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Venables and Thompson v News Group Newspapers

368 words (1 pages) Case Summary

21st Jun 2019 Case Summary Reference this In-house law team

Jurisdiction / Tag(s): UK Law

Venables & Thompson v News Group Newspapers Ltd [2001] EWHC 32

Perpetual injunction granted to protect the identities of two notorious murderers


The claimants were notorious murderers who were convicted at the age of 11. Injunctions which restricted the information which the media could publish about them came to an end when they reached 18. They sought further injunctions, under the inherent jurisdiction of the court, which would prevent publication of information regarding their appearance, whereabouts and new identities upon release.


The claimants alleged that there were at a real risk of revenge attacks and the Court should therefore exercise its inherent jurisdiction to grant an injunction restraining publication against the world. Further, any concerns about interference with freedom expression should be considered in light of the evidence of murder threats against the claimants. The claimants relied upon the positive obligations established under Article 2 European Convention on Human Rights which imposes a positive obligation to protect individuals against violation of Convention rights by another private individual. The defendants argued that it was inappropriate to exercise the court’s inherent jurisdiction to create ad hoc exceptions from the right to freedom of expression.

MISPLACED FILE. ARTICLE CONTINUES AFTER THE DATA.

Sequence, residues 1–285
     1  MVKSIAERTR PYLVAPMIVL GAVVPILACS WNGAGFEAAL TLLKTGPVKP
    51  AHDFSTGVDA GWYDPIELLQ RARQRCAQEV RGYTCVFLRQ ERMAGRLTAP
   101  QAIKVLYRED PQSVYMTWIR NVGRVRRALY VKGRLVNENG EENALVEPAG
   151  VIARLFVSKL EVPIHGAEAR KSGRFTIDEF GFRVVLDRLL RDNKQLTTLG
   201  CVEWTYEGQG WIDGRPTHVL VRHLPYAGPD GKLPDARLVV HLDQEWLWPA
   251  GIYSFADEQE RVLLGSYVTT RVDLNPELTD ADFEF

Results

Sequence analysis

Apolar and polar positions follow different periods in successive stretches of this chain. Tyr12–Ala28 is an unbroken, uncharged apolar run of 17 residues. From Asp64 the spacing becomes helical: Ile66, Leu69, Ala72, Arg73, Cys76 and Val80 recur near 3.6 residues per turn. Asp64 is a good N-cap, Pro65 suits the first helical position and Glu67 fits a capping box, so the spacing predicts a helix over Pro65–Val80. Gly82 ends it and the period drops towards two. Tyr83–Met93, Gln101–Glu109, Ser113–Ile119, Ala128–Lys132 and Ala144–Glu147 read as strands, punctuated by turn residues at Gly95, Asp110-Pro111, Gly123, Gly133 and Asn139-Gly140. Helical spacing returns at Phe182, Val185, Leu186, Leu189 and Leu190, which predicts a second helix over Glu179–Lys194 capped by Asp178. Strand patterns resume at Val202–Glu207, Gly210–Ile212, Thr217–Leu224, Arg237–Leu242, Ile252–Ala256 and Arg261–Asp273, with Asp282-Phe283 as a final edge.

The claimants’ application was granted. They were uniquely notorious individuals and were at an ongoing risk of serious physical harm. Their Article 2 rights demanded protection which could be provided by an extension of the law of confidence. The Court was therefore required to exercise its inherent jurisdiction to widen the scope of the protection of confidential information, even to the extent of placing restrictions on the freedom of expression of the press. Nevertheless, any restriction on the right of the press to publish information had to be given a narrow interpretation in line with Article 10(2) ECHR.

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UK law covers the laws and legislation of England, Wales, Northern Ireland and Scotland. Essays, case summaries, problem questions and dissertations here are relevant to law students from the United Kingdom and Great Britain, as well as students wishing to learn more about the UK legal system from overseas.

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